The Antitrust Division of the Attorney General’s Office was established in 1976. The Division primarily enforces state and federal antitrust laws and works to stop violations that harm competition and adversely impact Floridians. Under chapter 542, Florida Statutes, the Attorney General has the authority to bring actions against individuals and entities that commit federal or state antitrust violations, including bid rigging, price fixing, market allocation and monopolization. The Division also seeks to preserve competition by reviewing proposed mergers and acquisitions that may adversely affect Floridians. The Attorney General is authorized to investigate potential violations of state or federal antitrust laws and to issue investigative subpoenas to anyone believed to be in possession of documents or information relevant to an antitrust investigation. Additionally, the Division provides antitrust counsel for the State and its agencies and serves as a competition advocate in that role. The Division periodically conducts or participates in seminars for state and local procurement officials and government attorneys designed to assist them in detecting potential competition violations.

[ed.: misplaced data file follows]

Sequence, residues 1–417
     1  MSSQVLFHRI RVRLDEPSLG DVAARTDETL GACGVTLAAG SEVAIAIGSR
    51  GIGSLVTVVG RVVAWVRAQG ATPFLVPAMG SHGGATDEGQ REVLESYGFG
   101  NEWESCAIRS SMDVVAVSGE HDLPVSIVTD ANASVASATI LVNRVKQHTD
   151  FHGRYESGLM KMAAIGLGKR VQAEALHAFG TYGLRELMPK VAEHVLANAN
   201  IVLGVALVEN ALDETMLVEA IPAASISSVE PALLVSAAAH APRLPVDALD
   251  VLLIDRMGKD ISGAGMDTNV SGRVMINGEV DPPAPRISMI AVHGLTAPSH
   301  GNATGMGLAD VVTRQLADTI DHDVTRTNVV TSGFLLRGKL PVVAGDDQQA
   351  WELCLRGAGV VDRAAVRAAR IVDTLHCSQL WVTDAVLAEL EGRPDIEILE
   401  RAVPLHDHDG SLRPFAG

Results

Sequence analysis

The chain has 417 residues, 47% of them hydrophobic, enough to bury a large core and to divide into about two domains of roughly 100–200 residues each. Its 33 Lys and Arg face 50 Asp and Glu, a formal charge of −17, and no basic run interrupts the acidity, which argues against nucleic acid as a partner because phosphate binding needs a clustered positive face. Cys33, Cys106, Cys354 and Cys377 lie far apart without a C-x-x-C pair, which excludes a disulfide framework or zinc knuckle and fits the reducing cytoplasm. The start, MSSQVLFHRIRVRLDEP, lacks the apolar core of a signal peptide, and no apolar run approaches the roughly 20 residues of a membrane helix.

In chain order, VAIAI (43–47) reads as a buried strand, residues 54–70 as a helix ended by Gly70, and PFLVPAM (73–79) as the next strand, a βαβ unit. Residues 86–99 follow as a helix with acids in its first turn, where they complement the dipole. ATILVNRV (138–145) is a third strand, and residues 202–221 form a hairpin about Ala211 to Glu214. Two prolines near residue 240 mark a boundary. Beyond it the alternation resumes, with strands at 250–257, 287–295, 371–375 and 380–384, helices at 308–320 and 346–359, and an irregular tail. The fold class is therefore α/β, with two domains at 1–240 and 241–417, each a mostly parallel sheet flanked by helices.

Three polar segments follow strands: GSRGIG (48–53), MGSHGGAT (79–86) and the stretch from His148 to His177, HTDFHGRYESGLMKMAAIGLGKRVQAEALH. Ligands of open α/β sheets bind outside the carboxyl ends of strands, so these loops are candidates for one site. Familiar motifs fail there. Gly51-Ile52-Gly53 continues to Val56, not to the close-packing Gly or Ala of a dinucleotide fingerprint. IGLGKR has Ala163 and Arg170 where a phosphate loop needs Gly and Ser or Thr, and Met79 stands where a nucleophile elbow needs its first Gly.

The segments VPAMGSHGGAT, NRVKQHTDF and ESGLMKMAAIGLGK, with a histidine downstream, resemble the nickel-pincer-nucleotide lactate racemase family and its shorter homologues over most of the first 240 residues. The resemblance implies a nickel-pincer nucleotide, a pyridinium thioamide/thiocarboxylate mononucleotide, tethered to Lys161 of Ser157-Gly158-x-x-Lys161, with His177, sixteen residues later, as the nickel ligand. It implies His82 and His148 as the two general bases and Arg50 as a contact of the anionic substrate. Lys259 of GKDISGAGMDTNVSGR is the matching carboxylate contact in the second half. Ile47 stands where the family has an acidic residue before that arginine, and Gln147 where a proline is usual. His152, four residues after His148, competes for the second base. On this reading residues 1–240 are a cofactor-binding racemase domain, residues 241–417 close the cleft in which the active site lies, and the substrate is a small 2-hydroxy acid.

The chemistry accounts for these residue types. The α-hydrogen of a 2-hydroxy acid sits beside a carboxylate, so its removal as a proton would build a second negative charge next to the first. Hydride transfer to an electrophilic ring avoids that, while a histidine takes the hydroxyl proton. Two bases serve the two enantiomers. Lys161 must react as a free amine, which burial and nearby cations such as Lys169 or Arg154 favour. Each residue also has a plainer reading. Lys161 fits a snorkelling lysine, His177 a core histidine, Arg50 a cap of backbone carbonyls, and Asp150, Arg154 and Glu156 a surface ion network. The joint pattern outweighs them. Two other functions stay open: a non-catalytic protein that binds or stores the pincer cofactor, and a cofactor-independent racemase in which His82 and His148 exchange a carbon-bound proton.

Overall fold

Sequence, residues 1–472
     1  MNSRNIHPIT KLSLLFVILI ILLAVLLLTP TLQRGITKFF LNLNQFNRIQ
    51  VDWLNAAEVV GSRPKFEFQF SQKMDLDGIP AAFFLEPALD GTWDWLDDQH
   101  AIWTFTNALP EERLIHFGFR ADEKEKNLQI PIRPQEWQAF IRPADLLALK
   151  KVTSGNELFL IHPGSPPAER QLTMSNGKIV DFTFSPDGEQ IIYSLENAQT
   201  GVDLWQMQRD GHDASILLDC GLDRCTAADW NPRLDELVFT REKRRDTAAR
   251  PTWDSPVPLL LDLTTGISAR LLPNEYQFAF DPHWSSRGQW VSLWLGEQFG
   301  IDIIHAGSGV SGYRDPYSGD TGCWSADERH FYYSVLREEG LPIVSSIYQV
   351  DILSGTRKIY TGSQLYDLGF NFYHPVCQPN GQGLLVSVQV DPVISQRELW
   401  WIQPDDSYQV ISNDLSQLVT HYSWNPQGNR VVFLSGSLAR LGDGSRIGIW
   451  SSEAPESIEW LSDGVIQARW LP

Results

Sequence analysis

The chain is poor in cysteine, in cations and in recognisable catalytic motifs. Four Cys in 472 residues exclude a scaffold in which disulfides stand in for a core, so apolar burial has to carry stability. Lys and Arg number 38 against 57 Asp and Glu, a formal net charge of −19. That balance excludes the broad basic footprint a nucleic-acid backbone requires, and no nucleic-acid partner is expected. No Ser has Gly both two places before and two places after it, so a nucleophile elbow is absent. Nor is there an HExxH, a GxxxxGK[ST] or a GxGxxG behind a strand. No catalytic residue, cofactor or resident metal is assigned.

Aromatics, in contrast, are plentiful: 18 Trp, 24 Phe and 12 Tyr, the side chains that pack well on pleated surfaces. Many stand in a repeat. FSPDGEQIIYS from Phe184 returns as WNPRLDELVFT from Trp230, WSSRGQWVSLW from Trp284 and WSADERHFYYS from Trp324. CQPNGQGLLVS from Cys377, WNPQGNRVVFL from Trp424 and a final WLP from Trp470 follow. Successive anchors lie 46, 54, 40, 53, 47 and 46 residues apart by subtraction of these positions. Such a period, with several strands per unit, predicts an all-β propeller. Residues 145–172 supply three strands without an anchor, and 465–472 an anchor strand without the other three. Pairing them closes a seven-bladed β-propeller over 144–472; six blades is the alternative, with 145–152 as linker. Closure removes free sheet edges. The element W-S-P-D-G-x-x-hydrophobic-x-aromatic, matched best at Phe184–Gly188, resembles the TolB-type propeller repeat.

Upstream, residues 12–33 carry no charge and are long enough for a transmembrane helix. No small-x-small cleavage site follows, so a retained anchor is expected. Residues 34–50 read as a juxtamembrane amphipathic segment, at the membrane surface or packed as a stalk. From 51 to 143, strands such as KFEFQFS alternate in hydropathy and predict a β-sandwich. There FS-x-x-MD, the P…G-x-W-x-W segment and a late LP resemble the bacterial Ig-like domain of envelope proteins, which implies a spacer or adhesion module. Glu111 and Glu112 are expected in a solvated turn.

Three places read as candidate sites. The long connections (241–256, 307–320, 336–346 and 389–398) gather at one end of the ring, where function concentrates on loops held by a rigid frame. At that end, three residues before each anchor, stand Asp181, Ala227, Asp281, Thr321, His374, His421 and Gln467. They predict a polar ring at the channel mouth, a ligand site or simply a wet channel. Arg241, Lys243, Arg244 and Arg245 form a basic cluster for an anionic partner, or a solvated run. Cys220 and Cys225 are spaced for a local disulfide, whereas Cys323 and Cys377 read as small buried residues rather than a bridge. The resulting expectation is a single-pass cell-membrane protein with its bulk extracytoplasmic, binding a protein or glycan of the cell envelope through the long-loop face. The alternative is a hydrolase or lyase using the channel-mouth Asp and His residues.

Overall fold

The Division has expanded its efforts to include enforcement of the state securities law (chapter 517, Florida Statutes) when consent is provided by the Office of Financial Regulation and non-Medicaid Fraud enforcement of the False Claims Act (chapter 68, Florida Statutes). As necessary, the Division also pursues civil complex enforcement of the Consumer Protection Act and Racketeering laws (chapter 501, Part II and chapter 895, Florida Statutes).
Since Attorney General Moody took office, the Division has recovered more than $3.4 billion on behalf of Florida’s citizens, taxpayers and state and local entities as a result of its enforcement efforts.